Abstract
The mechanical model for the dynamic behavior of an internally damped rotating composite shaft is derived using a refined variational asymptotic method and the principle of virtual work. The composite shaft is considered as an anisotropic thinwalled Timoshenko beam. The internal damping of composite shaft is modelled by adopting the multiscale damping analysis method. Galerkin’s method is employed to discretize and solve the equations of motion. The effect of design parameters including fiber orientation, length aspect ratio, stacking sequences and boundary conditions on the free vibration and stability of composite shaft is investigated.
1. Introduction
The rotating composite shafts are now used widely in many application areas involving the rotating machinery systems. In the last few years, there exists numerous researches related to predicting natural frequencies and critical speeds of composite shaft [19]. As rotating speed is above the first critical speed, the effect of internal damping on the dynamic stability of rotating shaft becomes increasingly important. The sources of internal damping in rotating shaft can be due to material damping or friction. Composite shafts have higher material damping than conventional metallic shafts. Therefore, accurate prediction of effects of composite internal damping on the dynamical behavior of rotating composite shafts are necessary for improving performance of the shaft system. So far, only less work seems to have been reported towards the stability analysis, particularly effects of internal damping on the stability of a rotating composite shaft [1013]. Singh and Gupta [10] introduced discrete viscous damping coefficients to account for effect of internal damping. In a similar approach, dynamic instability analysis of composite shaft has been performed by Kim et al. [11], Mazzei and Scott [12] as well as Montagnier and Hochard [13]. In above cases, internal damping terms were included simply in equations of motion of rotating shaft, no internal damping modeling has been described. Sino et al. [14] investigated the stability of an internally damped rotating composite shaft. Internal damping was introduced by the complex constitutive relation of a viscoelastic composite. The shaft was modelled by finite element method. However, only the elastic coupling effects induced by symmetrical stacking are taken into account in their mode. Ren et al. [15] presented the dynamical analysis of rotating composite thinwalled shafts with internal damping based on variational asymptotically method (VAM) [16], which is able to represent the crosssectional warping and various elastic couplings by symmetrical or unsymmetrical stacking. Internal damping of the shaft is introduced via the multiscale damping mechanics [17] but transverse shear deformation has not been taken into account in the model.
In the present work, a refined VAM composite thinwalled beam theory which incorporates the effect of transverse shear deformation is used for the dynamical analysis of rotating composite thinwalled shafts with internal damping. The equations of motion of the rotating Timoshenko composite shafts are derived by the principle of virtual work. The internal damping of composite shaft is modelled based on the multiscale damping mechanics [17]. Galerkin’s method is applied to discretize and solve the governing equations. The critical rotating speeds and instability thresholds are obtained through numerical simulations. The effects of fiber orientation, length aspect ratio, stacking sequences and boundary conditions are assessed. The validity of the model is proved by comparing the results with those in literature and convergence examination.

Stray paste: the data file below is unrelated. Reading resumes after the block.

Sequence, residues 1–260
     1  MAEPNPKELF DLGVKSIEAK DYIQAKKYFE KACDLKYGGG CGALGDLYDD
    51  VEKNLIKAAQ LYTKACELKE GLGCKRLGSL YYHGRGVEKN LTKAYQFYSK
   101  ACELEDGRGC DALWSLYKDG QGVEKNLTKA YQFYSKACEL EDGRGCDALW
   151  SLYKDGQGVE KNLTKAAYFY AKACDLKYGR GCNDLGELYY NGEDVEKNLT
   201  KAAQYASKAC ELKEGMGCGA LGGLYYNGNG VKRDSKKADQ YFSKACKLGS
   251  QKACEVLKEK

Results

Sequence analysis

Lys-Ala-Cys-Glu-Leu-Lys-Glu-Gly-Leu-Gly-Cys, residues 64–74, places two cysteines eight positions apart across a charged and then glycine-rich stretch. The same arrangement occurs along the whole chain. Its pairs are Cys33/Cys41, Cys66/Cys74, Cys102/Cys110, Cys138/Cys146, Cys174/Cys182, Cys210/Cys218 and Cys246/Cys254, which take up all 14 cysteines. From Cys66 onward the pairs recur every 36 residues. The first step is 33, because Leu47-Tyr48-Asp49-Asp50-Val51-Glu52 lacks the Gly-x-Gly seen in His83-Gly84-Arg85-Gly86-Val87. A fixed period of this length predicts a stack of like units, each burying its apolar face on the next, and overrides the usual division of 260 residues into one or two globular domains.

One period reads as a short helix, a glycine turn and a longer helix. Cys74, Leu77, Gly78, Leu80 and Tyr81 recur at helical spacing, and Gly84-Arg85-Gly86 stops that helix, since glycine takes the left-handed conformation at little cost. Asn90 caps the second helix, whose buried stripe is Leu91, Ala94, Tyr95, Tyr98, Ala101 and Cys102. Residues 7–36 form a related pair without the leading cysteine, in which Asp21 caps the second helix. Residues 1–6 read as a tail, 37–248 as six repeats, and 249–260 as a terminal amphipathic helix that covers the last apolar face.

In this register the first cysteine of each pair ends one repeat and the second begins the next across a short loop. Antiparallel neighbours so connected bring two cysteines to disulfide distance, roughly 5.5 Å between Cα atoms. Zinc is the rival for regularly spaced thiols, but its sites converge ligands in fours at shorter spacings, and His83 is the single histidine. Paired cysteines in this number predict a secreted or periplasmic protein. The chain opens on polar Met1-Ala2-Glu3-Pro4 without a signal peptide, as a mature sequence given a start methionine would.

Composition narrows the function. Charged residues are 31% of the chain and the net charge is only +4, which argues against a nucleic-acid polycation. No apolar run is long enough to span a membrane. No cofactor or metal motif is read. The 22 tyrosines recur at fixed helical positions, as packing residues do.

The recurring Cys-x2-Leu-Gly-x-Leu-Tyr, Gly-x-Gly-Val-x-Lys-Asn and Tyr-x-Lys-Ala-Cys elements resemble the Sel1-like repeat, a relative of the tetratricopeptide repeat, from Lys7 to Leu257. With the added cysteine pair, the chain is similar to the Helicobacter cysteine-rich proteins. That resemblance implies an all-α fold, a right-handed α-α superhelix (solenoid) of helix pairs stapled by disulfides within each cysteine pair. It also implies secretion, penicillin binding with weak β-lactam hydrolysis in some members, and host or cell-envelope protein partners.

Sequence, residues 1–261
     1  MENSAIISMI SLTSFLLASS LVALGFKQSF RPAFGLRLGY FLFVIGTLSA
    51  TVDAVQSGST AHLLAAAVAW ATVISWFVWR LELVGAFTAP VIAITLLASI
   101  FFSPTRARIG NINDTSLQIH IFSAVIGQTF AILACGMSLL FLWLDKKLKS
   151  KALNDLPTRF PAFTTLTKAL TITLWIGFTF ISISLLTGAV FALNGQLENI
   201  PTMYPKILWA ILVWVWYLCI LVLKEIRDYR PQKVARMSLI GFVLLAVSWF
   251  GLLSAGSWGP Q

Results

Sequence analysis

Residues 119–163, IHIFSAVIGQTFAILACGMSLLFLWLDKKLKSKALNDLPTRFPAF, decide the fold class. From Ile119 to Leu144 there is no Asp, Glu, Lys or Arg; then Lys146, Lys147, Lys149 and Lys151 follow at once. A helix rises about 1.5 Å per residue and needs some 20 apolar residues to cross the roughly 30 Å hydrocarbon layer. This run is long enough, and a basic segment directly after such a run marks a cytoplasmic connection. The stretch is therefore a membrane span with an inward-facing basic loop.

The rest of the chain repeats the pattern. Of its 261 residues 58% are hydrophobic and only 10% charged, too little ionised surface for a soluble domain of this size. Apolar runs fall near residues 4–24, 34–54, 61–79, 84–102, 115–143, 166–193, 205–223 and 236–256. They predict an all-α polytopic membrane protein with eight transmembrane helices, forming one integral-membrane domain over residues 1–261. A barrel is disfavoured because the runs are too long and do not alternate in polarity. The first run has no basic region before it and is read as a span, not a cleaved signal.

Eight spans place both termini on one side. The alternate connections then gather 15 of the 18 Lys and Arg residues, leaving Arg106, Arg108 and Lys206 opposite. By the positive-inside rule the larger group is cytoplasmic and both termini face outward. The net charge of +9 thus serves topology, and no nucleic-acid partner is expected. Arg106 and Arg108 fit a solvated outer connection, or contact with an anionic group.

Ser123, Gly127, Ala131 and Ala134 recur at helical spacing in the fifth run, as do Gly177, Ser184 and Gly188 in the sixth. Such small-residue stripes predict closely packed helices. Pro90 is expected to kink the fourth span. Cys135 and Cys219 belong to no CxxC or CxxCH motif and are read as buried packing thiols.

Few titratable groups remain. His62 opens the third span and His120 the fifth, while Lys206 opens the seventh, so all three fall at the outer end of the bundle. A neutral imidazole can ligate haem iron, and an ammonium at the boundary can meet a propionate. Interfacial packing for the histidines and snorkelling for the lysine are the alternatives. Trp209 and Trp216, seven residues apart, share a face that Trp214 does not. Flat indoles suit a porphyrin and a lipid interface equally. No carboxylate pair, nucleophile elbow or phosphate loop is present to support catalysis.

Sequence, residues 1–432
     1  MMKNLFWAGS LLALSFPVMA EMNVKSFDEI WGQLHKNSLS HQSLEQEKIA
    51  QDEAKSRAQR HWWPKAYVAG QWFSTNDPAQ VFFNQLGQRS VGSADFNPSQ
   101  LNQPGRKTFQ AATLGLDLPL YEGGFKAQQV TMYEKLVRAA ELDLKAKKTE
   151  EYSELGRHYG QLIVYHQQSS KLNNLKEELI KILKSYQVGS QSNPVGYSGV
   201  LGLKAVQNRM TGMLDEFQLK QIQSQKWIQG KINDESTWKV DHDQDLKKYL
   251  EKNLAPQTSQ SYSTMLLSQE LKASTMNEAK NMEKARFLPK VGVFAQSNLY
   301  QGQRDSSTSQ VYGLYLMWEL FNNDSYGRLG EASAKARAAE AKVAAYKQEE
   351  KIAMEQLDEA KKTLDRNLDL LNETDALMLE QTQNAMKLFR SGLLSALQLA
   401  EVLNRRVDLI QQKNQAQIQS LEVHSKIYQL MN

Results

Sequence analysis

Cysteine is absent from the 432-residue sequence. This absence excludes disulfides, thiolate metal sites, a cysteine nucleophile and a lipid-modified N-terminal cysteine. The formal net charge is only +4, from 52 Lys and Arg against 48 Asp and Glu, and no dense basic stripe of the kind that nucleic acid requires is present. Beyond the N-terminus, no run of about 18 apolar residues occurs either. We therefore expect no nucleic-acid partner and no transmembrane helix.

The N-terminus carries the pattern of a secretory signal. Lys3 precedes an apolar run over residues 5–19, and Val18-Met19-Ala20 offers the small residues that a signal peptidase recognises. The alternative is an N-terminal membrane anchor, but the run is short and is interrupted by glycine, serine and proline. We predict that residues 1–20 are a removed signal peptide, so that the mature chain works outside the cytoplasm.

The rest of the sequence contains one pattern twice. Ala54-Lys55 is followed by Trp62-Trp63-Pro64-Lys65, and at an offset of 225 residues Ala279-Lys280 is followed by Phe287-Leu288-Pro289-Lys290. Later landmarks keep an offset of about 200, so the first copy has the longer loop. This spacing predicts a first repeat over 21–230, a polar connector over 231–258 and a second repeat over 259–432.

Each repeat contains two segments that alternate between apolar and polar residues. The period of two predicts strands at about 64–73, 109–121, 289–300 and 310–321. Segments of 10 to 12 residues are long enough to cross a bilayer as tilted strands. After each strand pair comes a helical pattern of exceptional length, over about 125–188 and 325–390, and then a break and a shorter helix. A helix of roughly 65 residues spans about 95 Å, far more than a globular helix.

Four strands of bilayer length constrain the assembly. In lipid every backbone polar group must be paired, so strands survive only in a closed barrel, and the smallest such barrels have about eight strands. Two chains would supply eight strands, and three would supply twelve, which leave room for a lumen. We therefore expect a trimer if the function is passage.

2. Theoretical formulations and numerical method
2.1. The displacement and strain
The symbols $L$, $h$ and $r$ represent the length, wall thickness and radius of the shaft, respectively. The inertial reference system $(X,Y,Z)$ and rotating reference system $(x,y,z)$ will be used for describing the motion of the shaft. The ($I,J,K)$ and $(i,j,k)$ are the unit vectors with respect to the reference system $(X,Y,Z)$ and$(x,y,z)$, respectively. In addition, a curvilinear coordinate system $(\varsigma ,s,x)$ is also used, where and $s$ is the circumferential coordinate measured along the tangent to the middle surface, whereas $\varsigma $ is measured along the normal to the middle surface.
The displacement field incorporating shear deformation in the local frame denoted $(x,s,\xi )$ is assumed in the form [9]:
${u}_{2}\left(x,y,z,t\right)={U}_{2}\left(x,t\right)z\varphi \left(x,t\right),{u}_{3}\left(x,y,z,t\right)={U}_{3}\left(x,t\right)+y\varphi \left(x,t\right),$
where, ${U}_{1}\left(x,t\right)$, ${U}_{2}\left(x,t\right)$, ${U}_{3}(x,t)$ denote the average displacements along the $x$, $y$ and $z$axis, while $\varphi \left(x,t\right)$, ${\theta}_{y}\left(x,t\right)$, ${\theta}_{z}(x,t)$ denote the twist angles about the $x$axis and rotations about the $y$ and $z$axis, respectively.
The warping functions $g(s,x,t)$ can be assumed as follows:
In the above equation, the functions ${g}_{1}\left(s\right)$, ${g}_{2}\left(s\right)$, ${g}_{3}\left(s\right)$, $G\left(s\right)$ associated with physical behavior for the axial strain, the bending curvatures, and the torsion twist rate, respectively. The primes in Eq. (2) denote differentiation with respect to $x$.
In Eqs. (1) and (2), the expressions of ${\theta}_{y}\left(x,t\right)$, ${\theta}_{z}(x,t)$ are in the form as follows:
${\theta}_{z}\left(x,t\right)={U}_{3}^{\text{'}}\left(x,t\right)2{\gamma}_{y1}.$
The strain of the composite shaft can be expressed as [9]:
$2{\gamma}_{1s}=\frac{dg}{ds}+{r}_{n}{\varphi}^{\text{'}}+\left({U}_{2}^{\text{'}}\left(x,t\right){\theta}_{y}\left(x,t\right)\right)\frac{dy}{ds}+\left({U}_{3}^{\text{'}}\left(x,t\right){\theta}_{z}\left(x,t\right)\right)\frac{dz}{ds},$
$2{\gamma}_{x\xi}=\left({U}_{2}^{\text{'}}\left(x,t\right){\theta}_{y}\left(x,t\right)\right)\frac{dz}{ds}\left({U}_{3}^{\text{'}}\left(x,t\right){\theta}_{z}\left(x,t\right)\right)\frac{dy}{ds}.$